John Witherspoon, the only clergyman to sign the Declaration of Independence, was born in Yester, Scotland on 5 Feb 1722 or 1723. This is the same day, just the difference between the Julian and Gregorian calendars. His parents were James Witherspoon and Anna Walker. Anna was John’s first teacher. She taught him to read and by the age of four, he could read from the Bible and would eventually be able to recite most of the New Testament.
His father, James, was the minister of Yester Parish. He served on committees in the General Assembly and was the royal chaplain to the Lord High Commissioner. Anna came from a long line of clergymen that extended back to John Knox. She had six children. One of her sons was lost in the West Indies. She had a grandchild who was the tutor to Sir Walter Scott.
When John was 13 years old, based on his studies in English, the classics and mathematics, Latin Greek and French, he was sent off to university at Edinburgh where he enrolled 1 November 1735. In the next three years, he completed the four year’s work for a Master of Arts degree (there is no record of a Bachelor’s degree) and toward the end of 1738 he petitioned to publish his thesis. Just after his sixteenth birthday, February, 1739, he was awarded his Master of Arts with a thesis, in Latin, De Mentis Immortalitate, signed Johannes Wederspan (It was common practice at this time to use your Latinized name on academic documents). By the time he was 20, John had obtained his Doctor of Theology and a license to preach. He received his first parish, Beith, 11 April 1745. He married Elizabeth Montgomery, 2 September 1748. Elizabeth bore 9 children, 5 of whom survived to adulthood and made the journey to North America.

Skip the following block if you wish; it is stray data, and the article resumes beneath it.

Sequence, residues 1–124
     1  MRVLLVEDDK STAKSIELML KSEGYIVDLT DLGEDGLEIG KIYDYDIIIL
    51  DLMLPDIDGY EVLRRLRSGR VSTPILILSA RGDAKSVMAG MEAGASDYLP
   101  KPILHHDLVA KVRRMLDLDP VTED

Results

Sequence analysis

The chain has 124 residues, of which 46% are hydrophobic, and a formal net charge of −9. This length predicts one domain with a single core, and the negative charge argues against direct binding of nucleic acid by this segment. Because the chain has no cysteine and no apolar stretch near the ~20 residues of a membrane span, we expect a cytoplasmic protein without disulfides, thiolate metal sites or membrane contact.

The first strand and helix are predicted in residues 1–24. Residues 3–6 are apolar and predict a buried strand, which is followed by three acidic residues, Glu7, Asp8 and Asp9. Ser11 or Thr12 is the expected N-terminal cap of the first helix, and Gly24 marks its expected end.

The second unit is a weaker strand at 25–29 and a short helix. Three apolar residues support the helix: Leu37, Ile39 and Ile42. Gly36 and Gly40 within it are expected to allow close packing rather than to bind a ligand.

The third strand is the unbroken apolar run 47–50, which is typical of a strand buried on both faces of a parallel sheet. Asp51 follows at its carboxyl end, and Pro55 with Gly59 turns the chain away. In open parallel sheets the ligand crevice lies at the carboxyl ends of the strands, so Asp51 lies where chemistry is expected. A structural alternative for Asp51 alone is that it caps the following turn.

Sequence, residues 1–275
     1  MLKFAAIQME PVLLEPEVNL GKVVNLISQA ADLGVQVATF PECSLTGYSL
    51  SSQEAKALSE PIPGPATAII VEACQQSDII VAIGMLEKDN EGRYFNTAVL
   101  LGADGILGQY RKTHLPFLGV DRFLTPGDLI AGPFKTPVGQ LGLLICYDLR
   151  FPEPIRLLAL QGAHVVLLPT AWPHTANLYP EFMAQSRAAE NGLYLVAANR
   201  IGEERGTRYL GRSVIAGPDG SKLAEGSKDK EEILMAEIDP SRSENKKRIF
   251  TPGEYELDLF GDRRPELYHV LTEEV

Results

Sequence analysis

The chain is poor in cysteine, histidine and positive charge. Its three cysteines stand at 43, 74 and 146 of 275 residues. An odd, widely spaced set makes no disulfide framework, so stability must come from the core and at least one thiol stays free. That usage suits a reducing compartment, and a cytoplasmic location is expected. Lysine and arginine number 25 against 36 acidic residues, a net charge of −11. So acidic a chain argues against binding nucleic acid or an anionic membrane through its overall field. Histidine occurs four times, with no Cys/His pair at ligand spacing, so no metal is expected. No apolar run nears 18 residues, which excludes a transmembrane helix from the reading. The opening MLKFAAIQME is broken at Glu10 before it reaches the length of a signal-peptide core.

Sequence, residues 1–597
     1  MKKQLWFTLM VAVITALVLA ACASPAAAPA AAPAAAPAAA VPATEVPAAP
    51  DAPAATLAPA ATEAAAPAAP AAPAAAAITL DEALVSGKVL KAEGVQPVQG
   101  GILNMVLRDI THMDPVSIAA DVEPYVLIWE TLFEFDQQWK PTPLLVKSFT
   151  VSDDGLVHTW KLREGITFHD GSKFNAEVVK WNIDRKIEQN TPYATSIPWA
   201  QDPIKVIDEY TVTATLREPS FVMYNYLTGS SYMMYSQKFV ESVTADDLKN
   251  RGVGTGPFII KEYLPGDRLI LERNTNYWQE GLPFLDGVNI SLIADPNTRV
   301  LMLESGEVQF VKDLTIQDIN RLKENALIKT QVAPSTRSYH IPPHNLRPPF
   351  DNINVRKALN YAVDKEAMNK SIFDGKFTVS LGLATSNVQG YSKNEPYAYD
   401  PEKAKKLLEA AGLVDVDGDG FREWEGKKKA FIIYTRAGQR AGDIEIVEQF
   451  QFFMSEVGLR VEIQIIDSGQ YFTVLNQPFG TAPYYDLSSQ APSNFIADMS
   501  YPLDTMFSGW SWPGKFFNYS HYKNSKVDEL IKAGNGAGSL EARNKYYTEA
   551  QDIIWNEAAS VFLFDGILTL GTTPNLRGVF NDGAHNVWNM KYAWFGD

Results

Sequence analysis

John was recruited by the trustees of the College of New Jersey (now Princeton University), Princeton, NJ to become the President of the College after the death of Dr. Samuel Finley, its fifth president. Benjamin Rush and Richard Stockton (later Signers of the Declaration of Independence) among others were sent to Scotland to recruit John for the position. Many of the letters between John and the various Princeton principals are contained in the Butterfield book referenced at the end of this biography.
On 18 May 1768, John and his family sailed for Philadelphia on the brigantine Peggy, which arrived in August. The College of New Jersey bloomed under his direction. He grew the endowment fund, instituted curricular changes, and patched up a major schism in the Presbyterian church. By 1770 the College students were openly advocating in favor of the patriot cause. John, in a commencement address advocated resistance to the Crown. In 1774-1775 he represented his county in the New Jersey provincial assembly, successfully agitated for the removal and imprisonment of the Royal Governor and received an appointment to the Continental Congress. On July 2, 1776, in response to a delegate who opposed ratification of the Declaration by saying “we are not ripe for revolution”, John replied, “Not ripe sir, we are not only ripe for the measure but in danger of rotting for the want of it”. In 1776, when the war entered into New Jersey territory, he closed the College of New Jersey. The British occupied the College, burned its library and in general left things a mess. Many of John’s papers were burned or destroyed at this time. The next year, James, one of John’s sons, lost his life at the Battle of Germantown, PA.
John stayed with the Continental Congress until 1782. While a member of the Congress he aided in the reorganization of the Board of Treasury, drafted a letter of thanks to Lafayette, the credentials and instructions for Franklin as minister plenipotentiary, and designed seals for Treasury and the Navy Department. He was also working to get the College back on its feet with classes beginning again November 1778.